Interview: Mark Flanagan – Jools Holland’s guitarist
An encounter with Jools Holland led Mark Flanagan into a remarkable career as part of the TV star’s Rhythm and Blues Orchestra, playing alongside some true musical greats…
If you’re tuning into boogie-woogie maestro Jools Holland and his Rhythm And Blues Orchestra this New Year’s Eve – rocking out of 2015 with his annual Hootenanny TV extravaganza, take a peek over his shoulder. You’ll see a guy in trendy threads with a snazzy brim – oh, and a rather cool 60s Gibson ES-335… that’s Mark Flanagan.
Born in Liverpool, and influenced from an early age by Edward Flanagan – his guitar-playing dad – Mark honed his skills on the ukulele before moving onto six strings. Following excursions with Little Ginny and later The Box Brothers, a 27-year tenure with Holland has further broadened Flanagan’s playing expertise.
Having backed up artists ranging from Tom Jones to Ellie Goulding and Buddy Greco to Ed Sheeran, Flanagan can slip into the styles of Charlie Christian, Django Reinhardt, T-Bone Walker or Chuck Berry, playing whatever’s needed to suit his band leader.
When that band leader is Jools Holland, you can expect a selection from Count Basie, Duke Ellington, Woody Herman, Glenn Miller, BB King and Solomon Burke. His studio credits include playing with George Harrison, whom he describes as “memorably melodic” on the former Beatle’s final solo album. He’s also an accomplished Dobro and acoustic player – having released several albums under his own name.
Holland speaks highly of his long-time guitar player: “Mark plays little figures that fit perfectly with my busy left hand – he’s the first person I’ve known to do it,” he says. “Mark understands everything from jump-jive to modern music – he can swing, then rock it… Eric Clapton describes Mark as a truly great guitarist.”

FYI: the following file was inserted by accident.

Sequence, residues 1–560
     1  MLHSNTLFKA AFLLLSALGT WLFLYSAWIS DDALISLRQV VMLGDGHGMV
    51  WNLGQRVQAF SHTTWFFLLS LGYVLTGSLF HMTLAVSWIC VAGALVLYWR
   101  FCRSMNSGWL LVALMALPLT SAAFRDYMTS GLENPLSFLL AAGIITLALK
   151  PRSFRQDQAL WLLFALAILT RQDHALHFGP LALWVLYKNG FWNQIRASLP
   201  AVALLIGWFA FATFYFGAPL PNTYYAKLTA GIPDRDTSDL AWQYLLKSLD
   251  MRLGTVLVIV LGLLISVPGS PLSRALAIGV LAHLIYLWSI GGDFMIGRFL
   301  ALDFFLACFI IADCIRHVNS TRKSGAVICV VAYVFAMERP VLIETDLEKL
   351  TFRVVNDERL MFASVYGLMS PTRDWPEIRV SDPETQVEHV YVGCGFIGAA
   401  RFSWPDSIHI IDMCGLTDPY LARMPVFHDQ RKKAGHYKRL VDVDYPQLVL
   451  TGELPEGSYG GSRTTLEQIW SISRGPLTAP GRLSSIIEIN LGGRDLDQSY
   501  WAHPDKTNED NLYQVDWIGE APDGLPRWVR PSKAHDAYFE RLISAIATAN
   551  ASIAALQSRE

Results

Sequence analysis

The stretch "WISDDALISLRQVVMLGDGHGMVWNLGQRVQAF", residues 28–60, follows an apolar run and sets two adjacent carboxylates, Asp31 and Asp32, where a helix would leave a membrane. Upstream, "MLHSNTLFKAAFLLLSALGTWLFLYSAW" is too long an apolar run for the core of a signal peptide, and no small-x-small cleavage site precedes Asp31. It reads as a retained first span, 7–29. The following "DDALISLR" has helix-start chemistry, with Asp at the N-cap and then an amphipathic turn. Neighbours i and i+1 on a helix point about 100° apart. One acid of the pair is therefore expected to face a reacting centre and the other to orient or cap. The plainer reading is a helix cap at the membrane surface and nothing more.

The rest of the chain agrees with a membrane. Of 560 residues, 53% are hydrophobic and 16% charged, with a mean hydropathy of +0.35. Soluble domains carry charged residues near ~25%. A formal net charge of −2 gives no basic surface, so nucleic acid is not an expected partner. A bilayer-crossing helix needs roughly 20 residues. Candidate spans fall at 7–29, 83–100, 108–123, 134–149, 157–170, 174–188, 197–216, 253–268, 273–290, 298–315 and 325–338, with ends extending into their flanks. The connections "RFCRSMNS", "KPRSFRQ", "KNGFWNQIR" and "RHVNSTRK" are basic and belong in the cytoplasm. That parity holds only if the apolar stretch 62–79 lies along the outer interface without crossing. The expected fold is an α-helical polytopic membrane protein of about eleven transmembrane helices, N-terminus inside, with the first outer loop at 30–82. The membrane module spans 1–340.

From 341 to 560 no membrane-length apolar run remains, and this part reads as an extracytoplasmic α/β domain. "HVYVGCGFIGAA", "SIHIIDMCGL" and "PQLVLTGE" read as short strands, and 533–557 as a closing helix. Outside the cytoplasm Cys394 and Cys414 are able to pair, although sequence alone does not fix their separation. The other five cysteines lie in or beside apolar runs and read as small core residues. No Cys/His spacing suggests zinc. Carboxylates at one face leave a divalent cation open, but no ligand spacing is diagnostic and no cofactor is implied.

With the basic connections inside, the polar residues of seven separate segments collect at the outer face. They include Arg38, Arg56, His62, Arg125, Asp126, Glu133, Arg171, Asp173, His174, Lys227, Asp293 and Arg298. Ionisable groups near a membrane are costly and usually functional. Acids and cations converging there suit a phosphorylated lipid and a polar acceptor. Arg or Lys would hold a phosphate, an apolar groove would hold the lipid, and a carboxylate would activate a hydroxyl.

Flanagan thanks his dad for setting him on the six-string path: “I was very fortunate, because my dad played guitar; and like a lot of men from his generation in Liverpool, he went to sea in the late 40s and 50s. He bought a lovely dance band guitar in Australia – which I still have, and have just had rebuilt by guitar maker Martyn Booth.
“In the mid-60s, he came home with a ukulele. My brother and sister didn’t really bother with it – but I stuck at it – and we played together for the next three or four years, until I was 12, when I got my first real guitar. It was a Barnes & Mullins flat top – with a DeArmond pickup attached. We would play or practise three or four times a week – old favourites like Who’s Sorry Now or Ain’t Misbehaving. My dad was very encouraging – and very patient. All the family would join in with three-part harmonies, and that ‘musical sense’ was all around the house.
“He told me about open E tuning when I was only about 13 or 14 – and how to play slide. I thought it was interesting, but didn’t really look at it again until 30 years later when I bought a Dobro.”
“I noticed when I was playing with him on ukulele, the same chords were popping up – but in a slightly different order… like the same game, but on a different field. He also talked to me a lot about phrasing – and said I should listen to the likes of Frank Sinatra if I wanted to know how to sing. I didn’t really worry about keys from then on – the patterns sort of joined up for me, so when I changed to guitar I knew where I was already. I used to watch George Formby doing the ‘scissors’ thing and I tried to play like that – but it was 40 years later when Joe Brown showed me how to drag the thumb across the strings, to get that syncopation. I still can’t do it!”